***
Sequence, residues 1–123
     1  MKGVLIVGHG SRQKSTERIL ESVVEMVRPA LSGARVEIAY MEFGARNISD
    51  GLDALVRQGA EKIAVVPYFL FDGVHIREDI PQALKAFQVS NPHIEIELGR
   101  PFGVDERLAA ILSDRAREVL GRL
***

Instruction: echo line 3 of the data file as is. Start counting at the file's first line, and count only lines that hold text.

    51  GLDALVRQGA EKIAVVPYFL FDGVHIREDI PQALKAFQVS NPHIEIELGR